7 In Other WOrds Advancing a Frontier, One Day at a Time A graduate s view from inside the White House By Phil larson ( 07, DB) It s humbling to be able to wake up every day, walk through the gates that have been crossed by many historic figures, and think about what small part I can do in my field to make the nation just a little bit better. Over the past four years, I ve been in the extremely lucky position to be part of a White House that is intensely focused on using technology and innovation to help strengthen our country. Written on a Post-it note in my office is the proverbial technological question: Where s my flying car? It s important to remember the future is not always what we think it will be. The rate of innovation is accelerating and so is the number of things we can do with our great ideas. That means the choices we make today will have huge impacts tomorrow. Who would have predicted additive manufacturing processes would be printing spacecraft and rocket parts with titanium 3-D printers? Or that an automobile-sized, laser wielding rover would accurately land on Mars with an innovative Sky Crane descent system? So we don t need to just give the age-old flying car a lift; we need to give all of science, technology, space and innovation a lift. And I m proud that my alma mater is looking to do just that and seeking to be leaders in the burgeoning commercial space arena, with a groundbreaking degree in commercial space operations debuting this fall. In 2010, President Obama outlined our nation s space program goals at Kennedy Space Center, including the ultimate goal of a human mission to Mars. The nation s plan for space encompasses a first-ever mission to move and visit an asteroid, developing in-space technologies and relying on a vibrant new U.S. commercial sector, all while renewing NASA s commitment to important aeronautics research and development for things like advanced composite materials and next-generation air traffic management. My role includes making sure my boss (the President s science and technology advisor, John Holdren) and his boss (President Obama) are up to speed on key space and aeronautics policy issues. I also help formulate and implement space policies, while working with the President s budget team, to ensure we are getting the most bang for the taxpayer buck with agencies like NASA. And, I reach outside of government to make sure industry, academia, foundations and other organizations are part of the conversation. We use a number of approaches to spur innovation and push the bounds of discovery including, increasingly, the targeted use of prizes. Charles Lindbergh was first tempted to fly nonstop to Paris, not just because he was an adventurist, but also in hopes of winning the $25,000 (at that time, a lot of money!) Orteig prize. And I remember watching in 2004 from The Avion office the first private company send a crewed craft to space and then repeat the task within a week to win the $10 million X-Prize. Right now, the U.S. government is offering millions of dollars in prize money to lure innovators into building better light bulbs, cheaper satellite-launching spacecraft and more fuel-efficient cars. There has never been a time when aerospace and science, technology and innovation, in general have been more important to our country and the world, and it s an honor to be part of a team focused on using these endeavors to make the future brighter. Editor s note: Larson earned a bachelor s degree in aerospace studies from Embry-Riddle and has worked as a policy advisor for space and aeronautics at the White House since He can be reached at send us your story In Other Words gives you the opportunity to share your industry-related or personal perspective with Lift readers. submissions/proposals to LIFT Fall 2013 ERAUALUmnI.oRg 5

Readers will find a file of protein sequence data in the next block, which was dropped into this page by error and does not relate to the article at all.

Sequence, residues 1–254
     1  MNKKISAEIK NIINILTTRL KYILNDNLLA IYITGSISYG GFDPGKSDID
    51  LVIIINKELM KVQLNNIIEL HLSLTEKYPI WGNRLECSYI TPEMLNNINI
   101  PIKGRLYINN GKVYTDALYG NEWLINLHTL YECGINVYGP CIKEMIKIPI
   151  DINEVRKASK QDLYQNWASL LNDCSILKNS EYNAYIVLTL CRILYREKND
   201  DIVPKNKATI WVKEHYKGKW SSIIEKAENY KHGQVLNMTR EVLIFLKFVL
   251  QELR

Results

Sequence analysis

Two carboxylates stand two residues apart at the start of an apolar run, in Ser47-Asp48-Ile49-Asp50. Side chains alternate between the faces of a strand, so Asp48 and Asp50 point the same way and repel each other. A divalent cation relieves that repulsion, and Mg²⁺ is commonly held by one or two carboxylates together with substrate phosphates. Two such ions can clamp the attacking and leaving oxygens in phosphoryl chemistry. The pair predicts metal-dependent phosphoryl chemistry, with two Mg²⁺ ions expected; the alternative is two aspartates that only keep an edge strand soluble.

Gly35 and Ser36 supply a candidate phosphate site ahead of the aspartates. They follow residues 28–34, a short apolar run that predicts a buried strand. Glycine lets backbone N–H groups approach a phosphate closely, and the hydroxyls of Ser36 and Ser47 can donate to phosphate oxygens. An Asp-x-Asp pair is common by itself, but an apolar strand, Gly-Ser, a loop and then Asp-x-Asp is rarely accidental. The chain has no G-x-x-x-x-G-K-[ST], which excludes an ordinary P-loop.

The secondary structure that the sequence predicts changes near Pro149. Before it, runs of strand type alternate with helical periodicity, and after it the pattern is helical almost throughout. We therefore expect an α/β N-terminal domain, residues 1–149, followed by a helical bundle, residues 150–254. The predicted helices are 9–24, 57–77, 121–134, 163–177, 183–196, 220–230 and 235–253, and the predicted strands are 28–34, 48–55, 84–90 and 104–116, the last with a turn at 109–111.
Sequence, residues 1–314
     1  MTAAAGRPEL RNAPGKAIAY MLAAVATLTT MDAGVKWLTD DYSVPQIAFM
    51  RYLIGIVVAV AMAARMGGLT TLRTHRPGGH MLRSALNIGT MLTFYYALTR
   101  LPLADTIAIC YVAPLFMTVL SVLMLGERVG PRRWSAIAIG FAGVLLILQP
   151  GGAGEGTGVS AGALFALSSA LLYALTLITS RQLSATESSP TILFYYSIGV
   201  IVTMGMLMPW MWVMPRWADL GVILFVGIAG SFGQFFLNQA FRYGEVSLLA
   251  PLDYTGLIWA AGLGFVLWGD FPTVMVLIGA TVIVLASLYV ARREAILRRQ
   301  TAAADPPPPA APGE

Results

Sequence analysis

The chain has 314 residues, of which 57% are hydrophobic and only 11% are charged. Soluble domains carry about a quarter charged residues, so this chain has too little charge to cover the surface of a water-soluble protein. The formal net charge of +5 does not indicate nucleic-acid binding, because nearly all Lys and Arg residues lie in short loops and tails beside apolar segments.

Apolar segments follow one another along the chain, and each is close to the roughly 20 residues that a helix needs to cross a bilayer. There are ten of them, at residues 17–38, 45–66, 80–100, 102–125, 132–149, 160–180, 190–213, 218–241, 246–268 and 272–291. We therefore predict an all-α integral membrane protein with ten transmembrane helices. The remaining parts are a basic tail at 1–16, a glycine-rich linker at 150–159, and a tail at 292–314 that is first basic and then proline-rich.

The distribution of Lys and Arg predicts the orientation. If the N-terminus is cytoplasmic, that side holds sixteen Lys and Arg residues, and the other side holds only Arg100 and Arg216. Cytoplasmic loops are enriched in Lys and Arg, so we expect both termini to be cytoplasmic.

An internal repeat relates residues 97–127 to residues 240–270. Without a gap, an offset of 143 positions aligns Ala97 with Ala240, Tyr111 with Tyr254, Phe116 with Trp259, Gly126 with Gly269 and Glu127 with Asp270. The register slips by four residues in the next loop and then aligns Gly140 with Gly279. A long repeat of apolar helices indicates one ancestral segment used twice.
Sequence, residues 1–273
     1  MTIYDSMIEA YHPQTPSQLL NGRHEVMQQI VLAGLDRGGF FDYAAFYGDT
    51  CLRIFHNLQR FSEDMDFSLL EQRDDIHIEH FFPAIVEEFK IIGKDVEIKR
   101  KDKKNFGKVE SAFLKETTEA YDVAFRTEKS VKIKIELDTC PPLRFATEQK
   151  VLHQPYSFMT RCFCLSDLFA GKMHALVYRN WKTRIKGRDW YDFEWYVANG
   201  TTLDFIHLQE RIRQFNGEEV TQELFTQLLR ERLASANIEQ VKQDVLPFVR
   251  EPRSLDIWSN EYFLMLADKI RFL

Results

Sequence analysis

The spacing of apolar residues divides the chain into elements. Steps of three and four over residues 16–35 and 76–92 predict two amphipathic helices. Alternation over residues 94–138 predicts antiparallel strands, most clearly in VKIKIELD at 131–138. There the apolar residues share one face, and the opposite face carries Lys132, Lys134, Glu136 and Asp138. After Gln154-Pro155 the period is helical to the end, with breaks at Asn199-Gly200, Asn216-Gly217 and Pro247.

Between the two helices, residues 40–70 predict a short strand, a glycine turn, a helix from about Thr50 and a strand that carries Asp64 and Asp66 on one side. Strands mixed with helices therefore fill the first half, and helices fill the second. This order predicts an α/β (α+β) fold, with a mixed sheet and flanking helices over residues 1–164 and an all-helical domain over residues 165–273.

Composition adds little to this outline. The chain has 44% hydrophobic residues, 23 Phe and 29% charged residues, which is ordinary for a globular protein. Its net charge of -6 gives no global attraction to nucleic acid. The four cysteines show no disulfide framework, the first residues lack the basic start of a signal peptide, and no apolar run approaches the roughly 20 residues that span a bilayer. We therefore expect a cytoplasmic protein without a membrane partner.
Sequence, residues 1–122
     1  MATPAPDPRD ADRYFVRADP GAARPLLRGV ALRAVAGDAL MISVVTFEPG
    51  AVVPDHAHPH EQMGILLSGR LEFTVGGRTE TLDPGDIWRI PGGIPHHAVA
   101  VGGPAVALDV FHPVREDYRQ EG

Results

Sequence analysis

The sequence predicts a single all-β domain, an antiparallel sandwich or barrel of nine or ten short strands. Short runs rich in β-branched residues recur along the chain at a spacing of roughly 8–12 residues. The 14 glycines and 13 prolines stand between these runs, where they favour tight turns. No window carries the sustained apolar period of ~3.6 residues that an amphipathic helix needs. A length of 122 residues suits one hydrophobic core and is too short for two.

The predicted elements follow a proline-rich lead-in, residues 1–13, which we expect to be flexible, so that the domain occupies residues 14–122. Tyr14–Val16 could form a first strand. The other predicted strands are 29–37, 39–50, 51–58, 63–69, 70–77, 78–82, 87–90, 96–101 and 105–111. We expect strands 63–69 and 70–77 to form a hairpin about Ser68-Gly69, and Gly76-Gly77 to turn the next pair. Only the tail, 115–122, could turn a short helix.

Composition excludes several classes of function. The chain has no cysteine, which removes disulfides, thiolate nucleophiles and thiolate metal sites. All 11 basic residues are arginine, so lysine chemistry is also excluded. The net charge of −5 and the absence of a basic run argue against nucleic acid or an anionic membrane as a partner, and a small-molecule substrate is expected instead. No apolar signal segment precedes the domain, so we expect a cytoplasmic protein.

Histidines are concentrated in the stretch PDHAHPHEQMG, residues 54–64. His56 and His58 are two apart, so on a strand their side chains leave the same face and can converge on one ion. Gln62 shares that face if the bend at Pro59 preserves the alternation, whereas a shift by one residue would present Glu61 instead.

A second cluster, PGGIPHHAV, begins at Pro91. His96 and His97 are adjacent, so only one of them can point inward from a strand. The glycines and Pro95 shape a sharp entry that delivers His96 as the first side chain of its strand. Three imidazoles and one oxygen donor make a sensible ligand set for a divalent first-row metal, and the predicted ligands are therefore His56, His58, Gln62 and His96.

8 wings of legacy A Gem in the Desert The Prescott Campus overcomes fledgling beginnings to celebrate its 35th anniversary set to debut in In the words of its accreditor, the Southern Association of Colleges and Schools, Embry-Riddle Prescott is a flourishing campus and a gem in the desert. By Sara WithroW It took vision to imagine a thriving university campus on what was in the late 1970s an abandoned property on the outskirts of Prescott, Ariz., and former Embry-Riddle President Jack Hunt had that vision. Like a settler seeking the promise of a better future for his family in the great West, Hunt saw opportunity in the 510 acres of high desert dotted with sagebrush and small block buildings. Here he would establish his western campus. Now in its 35th year, Embry-Riddle s Prescott Campus boasts a regular enrollment of 1,700-plus students, 17 undergraduate degrees, a Master of Science in Safety Science, and a new Master of Science in Global Security and Intelligence Studies Ghost Town Hunt s dream wouldn t come easily. One institution of higher education, Prescott College, had already been there and failed. The property, deserted over the course of only a few hours in 1974, sat vacant and untended for four years a ghost town, frozen in time. John Jenkins, a mathematics professor who was one of the first hired in 1978 and continues to teach today, recalls the scene: It was spooky. There were evaporated cups of coffee on the desks, the microscopes for the biology lab were set up for the next day s lab and there were small personal items still in the desk drawers. It felt like they killed everybody and just dragged the bodies off, he says. Despite the challenges, Jenkins and others rolled up their sleeves, dedicating long hours and wearing multiple hats to ensure the campus success. We Historic photos courtesy of embry-riddle ArcHives 6 LIFT FaLL 2013 ERAUALUmnI.oRg